Home Sales Plunge, Mortgage Delinquencies Soar


Author: Michael Stern

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COVID-19 has resulted in soaring unemployment, sending a record-high number of homeowners into default on their mortgage payments. Home sales have dropped, housing starts have fallen, and the commercial and residential rental markets are suffering.

The coronavirus pandemic has thrown the world into an economic crisis. Record high unemployment and forced lockdowns have had a severe impact on the real estate market. The sale of existing homes constitutes about 90 percent of all home sales in the United States. This market has dropped close to 18 percent month in the month of April.  According to data released by the National Association of Realtors, the year on year slump in home sales is over 17 percent. This decline in percentage is the largest since the subprime mortgage crisis of July 2010 when the tax credit available to homebuyers expired.

Supply of New Homes Fall

In addition to the drastic plunge in home sales, the supply of homes for sale dropped almost 20 percent in April to about 1.5 million. This number, a record low number for April of any year, was attributed to mounting job losses and a morbid economy. Not only were fewer homes put on the market, but some homes currently listed on the market were also pulled.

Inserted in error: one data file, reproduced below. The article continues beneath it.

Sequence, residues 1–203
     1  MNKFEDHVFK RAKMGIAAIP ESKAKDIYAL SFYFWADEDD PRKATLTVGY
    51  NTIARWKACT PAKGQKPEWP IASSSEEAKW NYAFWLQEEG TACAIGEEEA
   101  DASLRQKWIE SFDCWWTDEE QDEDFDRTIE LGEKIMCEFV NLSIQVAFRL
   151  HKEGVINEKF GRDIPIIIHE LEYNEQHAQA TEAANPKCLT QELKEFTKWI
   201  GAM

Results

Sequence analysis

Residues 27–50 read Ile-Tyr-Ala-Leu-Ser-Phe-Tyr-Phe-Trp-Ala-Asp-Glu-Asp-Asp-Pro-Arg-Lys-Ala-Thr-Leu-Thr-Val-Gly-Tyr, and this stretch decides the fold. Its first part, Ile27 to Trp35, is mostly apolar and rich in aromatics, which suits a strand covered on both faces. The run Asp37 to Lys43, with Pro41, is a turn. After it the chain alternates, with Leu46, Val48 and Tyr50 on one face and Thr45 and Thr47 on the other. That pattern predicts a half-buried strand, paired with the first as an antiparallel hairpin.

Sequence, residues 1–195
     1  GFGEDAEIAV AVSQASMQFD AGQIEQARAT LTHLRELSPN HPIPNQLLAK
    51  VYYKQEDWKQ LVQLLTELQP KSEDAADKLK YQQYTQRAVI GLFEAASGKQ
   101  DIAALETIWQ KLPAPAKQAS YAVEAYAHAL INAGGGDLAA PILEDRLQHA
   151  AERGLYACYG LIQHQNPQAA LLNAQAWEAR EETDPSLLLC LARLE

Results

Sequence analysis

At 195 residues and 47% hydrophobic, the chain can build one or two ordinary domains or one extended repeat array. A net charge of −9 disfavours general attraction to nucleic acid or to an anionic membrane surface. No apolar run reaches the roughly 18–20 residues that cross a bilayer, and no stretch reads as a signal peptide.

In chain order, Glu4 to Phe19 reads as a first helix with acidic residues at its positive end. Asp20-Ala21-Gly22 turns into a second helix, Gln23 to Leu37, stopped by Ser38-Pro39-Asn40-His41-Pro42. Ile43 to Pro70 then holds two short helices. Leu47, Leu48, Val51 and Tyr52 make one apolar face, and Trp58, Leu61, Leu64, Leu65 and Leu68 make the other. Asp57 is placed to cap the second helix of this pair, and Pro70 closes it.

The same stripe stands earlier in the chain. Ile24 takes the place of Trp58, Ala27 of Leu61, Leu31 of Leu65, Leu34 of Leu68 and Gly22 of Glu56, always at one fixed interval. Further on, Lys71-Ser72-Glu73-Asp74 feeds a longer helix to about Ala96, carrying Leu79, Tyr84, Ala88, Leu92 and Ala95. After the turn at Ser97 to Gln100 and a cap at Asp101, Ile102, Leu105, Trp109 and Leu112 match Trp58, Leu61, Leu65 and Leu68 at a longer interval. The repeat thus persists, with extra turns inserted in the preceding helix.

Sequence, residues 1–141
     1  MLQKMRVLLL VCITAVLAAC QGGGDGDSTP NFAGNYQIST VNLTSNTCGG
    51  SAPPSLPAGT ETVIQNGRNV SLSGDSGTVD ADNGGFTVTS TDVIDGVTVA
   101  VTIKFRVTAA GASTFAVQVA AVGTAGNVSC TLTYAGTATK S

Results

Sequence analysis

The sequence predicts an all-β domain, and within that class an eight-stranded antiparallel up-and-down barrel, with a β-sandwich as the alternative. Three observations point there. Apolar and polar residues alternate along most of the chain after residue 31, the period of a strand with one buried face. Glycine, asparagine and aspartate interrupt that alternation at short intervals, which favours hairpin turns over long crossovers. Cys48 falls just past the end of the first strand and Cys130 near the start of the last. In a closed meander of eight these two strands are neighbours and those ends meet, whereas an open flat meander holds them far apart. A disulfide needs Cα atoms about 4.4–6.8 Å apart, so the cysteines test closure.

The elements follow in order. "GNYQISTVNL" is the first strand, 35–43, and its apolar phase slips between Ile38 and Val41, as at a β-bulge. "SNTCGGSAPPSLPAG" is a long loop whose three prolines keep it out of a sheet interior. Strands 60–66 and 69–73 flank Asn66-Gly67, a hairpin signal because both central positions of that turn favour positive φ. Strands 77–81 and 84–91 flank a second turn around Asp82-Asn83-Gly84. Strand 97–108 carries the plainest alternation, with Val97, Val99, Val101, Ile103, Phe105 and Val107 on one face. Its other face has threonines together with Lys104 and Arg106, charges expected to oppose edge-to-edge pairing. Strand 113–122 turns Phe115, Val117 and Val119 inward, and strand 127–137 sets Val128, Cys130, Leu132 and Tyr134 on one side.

The drop in inventory caused home prices to soar. The median price of an existing home rose over 7 percent from a year earlier. Lawrence Yun, chief economist for the National Association of Realtors, was quoted as saying a drop in price of this magnitude is unhealthy, adding that only more listings of existing homes and an increase in new home construction will slow the price growth down.

Mortgage Delinquencies Up

As unemployment continues to rise and other impacts of the shutdown are realized, mortgage defaults are increasing in record numbers. A recent report published by Oxford Economics suggests that a full 15 percent of homeowners will fault on the mortgage obligations due to the current crisis. This is a level not seen since the Great Recession when the delinquency rate peaked at 10 percent. In April alone, delinquencies jumped by 1.6 million. This represents the largest jump in history. The national rate soared to almost 6.5 percent during April, double the March rate, and three times the previous single-month record set in 2008. Over four million homeowners servicing a mortgage are past due.

Mortgage lenders have announced stringent underwriting requirements. Some lenders are exiting some products completely. These moves make it increasingly difficult for those looking to either purchase a home or refinance an existing loan.

Commercial and Rental Real Estate Hit Equally Hard

The current economic crisis has hit the commercial and rental real estate sectors as well. The number of those who own apartment or office buildings who are defaulting on their montages is increasing. To add to the problem, tenants are falling behind on their rent at unprecedented rates, especially in those areas under month’s-long lockdowns. 

The Mall of America, the largest shopping center in the United States, has missed two months of payments on its $1.4 billion mortgage.

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Michael Stern is a calculated risk taker with deep technical insight into digital currency and the development of strategic strategies.